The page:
It's like taking a walk along a buffet at a cheap, all-inclusive resort. Some things look like they might be OK but you won't be sure until you take a bite. Some things are instantly repulsive. And some things seem downright weird. I refer of course to the buffet of astonishment that is Theresa May's post-referendum cabinet. Let's take a look at a few of the big appointments, shall we? Forks at the ready.
Boris Johnson, Foreign Secretary: Theresa May is trolling Boris. She knows he doesn't want this job as he will have to look Europe squarely in the eye after spending the last few months talking absolute nonsense about the EU and convincing way more people than he ever expected to vote to leave. Did you see him as he walked out of 10 Downing Street after being told he got the job? He looked like a man who'd bitten into a cream bun only to find a lump of coal inside.
Boris is going to have to be diplomatic and not answer questions with a "What ho! How about a nice game of wiff-waff?" or a collection of swallow-the-dictionary words that don't necessarily have to make sense or be relevant. So far, he has managed not to soil himself on camera in response to the Nice terror attack and the Turkish coup attempt but only time will tell if he has the self-control to do this job for any extended period of time without being sacked or forced to resign in disgrace.
He will be forced to look squarely in the eye at the mess his shabby, simple-minded Brexit campaigning has caused.
As Foreign Secretary, he will not be able to be a naughty schoolboy troublemaker plotting away on the backbench. Of course, he may well do something to cause Britain to die of embarrassment but clearly this is a risk May thought worth taking.
Phillip Hammond, Chancellor: He has a reputation as a "safe pair of hands" and a grown-up. He didn't disgrace himself as Foreign Secretary. His appointment is no surprise. He was pro-remain and he has indicated that now is the time to scale back austerity and he is keen to work closely with Mark Carney, the excellent pro-remain Bank of England governor. This will all help him cement his reputation as a sane and sensible choice for the job. Like George Osborne before him, there is a cloud over his tax affairs. This will not be enough to cost him his job. Plus ça change.
Whether he will find enough money to make up for the many shortfalls that will happen as a result of lost EU funding, a flatlining pound and a shrunken economy where the appetite for investment has faded with post-referendum uncertainty remains to be seen.
Amber Rudd, Home Secretary: She comes across well on television, she was another pro-remain MP and she seems happy enough to have been handed the poisoned chalice that is the Home Secretary job. No matter what you do on the thorny issue of immigration in this job, regardless of where your seat is in the House of Commons, you will either piss off the left or the right and sometimes both at the same time.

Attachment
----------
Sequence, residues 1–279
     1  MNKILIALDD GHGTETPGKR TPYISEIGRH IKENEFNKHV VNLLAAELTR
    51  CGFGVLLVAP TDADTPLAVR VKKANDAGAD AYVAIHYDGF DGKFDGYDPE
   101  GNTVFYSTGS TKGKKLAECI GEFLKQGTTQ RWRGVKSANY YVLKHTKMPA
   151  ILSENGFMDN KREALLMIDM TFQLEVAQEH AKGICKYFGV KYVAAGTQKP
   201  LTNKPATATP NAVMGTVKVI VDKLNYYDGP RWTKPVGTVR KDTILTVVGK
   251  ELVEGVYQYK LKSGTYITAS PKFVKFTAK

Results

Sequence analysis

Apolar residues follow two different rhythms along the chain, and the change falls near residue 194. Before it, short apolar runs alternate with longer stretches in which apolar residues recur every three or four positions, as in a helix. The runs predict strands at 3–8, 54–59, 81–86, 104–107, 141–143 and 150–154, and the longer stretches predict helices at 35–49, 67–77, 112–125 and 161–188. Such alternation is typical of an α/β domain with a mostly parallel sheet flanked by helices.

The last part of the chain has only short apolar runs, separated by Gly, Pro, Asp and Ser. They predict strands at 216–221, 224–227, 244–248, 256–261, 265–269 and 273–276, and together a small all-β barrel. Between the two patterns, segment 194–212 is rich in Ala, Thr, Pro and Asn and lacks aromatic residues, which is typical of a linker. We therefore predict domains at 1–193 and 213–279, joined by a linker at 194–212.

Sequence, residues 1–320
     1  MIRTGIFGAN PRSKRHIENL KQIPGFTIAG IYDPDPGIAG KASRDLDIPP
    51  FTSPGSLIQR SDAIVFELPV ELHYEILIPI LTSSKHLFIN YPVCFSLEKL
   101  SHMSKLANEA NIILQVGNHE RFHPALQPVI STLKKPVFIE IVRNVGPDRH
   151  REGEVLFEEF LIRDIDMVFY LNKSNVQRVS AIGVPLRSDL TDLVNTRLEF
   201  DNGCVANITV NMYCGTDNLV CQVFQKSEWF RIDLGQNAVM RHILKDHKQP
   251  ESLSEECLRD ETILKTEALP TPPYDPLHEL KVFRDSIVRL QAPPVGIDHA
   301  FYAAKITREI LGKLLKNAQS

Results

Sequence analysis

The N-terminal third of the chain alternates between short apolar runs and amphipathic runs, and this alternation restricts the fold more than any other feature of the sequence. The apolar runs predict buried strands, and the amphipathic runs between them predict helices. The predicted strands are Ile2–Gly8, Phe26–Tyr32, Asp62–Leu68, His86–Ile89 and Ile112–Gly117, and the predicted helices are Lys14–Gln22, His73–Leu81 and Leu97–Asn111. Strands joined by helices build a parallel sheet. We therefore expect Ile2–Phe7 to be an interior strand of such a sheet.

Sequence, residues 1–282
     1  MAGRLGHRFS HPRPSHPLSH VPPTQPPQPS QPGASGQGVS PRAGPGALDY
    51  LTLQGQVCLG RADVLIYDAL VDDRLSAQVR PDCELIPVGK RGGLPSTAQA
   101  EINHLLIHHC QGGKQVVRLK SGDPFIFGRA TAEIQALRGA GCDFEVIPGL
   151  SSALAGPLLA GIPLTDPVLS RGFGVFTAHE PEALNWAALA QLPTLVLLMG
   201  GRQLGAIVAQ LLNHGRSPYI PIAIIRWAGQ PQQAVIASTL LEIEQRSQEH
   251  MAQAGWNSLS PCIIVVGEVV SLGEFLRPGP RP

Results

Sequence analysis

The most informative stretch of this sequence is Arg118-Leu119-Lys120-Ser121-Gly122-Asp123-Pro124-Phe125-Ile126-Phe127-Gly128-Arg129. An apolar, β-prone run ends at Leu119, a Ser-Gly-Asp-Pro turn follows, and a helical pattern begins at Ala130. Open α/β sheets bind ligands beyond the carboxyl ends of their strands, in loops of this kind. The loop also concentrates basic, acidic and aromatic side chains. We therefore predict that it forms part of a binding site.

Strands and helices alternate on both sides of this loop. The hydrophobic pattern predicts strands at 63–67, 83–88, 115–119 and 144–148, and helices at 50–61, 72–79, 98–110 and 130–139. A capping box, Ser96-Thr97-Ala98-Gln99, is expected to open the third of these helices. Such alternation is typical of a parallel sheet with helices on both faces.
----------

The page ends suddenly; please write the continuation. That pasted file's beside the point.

Her record as Secretary of State for Energy and Climate Change was mixed. She was strong on moving towards shutting down coal-fired power stations but she misled Parliament on meeting renewable energy targets. She was correct in moving towards policy that does not rely on state subsidies - this is how the US is doing better than most people realise in terms of using renewable energy - but anyone in this role is going to have to deal with simpletons who are offended by wind turbines.
Jeremy Hunt, Health Secretary: Everyone was convinced that this car crash of a man was going to lose his job in the reshuffle. Hell, I think even Hunt thought he'd get the punt because he wasn't humiliating himself by wearing his ubiquitous NHS badge when he walked into Number 10. But, lo and behold, after every NHS campaigner in the country was temporarily excited by rumours that he was going to be sacked spread like wildfire, the failed marmalade mogul emerged still in the same bloody job.
It would have been a golden opportunity for Theresa May to appoint a fresh face to the job, especially as this could have been a clean slate for the ongoing fiasco that is the junior doctors contract negotiations, not to mention the bursary cuts for nursing students. But Hunt remains in place like an incompetent barnacle. There are rumours that others were offered the job but didn't want it. Health, like the Home Secretary job, has become a poisoned chalice for the Tories. Nobody wants to deal with junior doctors, angry nursing students or have the balls to repeal the Health and Social Care Act 2012 so the NHS stops wasting billions administering a corrupt marketised system or tackle the escalating costs of PFI head-on. Health has officially been consigned to the too-hard basket for this government and that is not good news for anyone.
Justine Greening, Education Secretary: Surely, she can't be any worse than Nicky Morgan, can she? While junior doctors will still have to deal with Jeremy Hunt, furious, demoralised teachers may have a chance to develop a healthier working relationship with the government.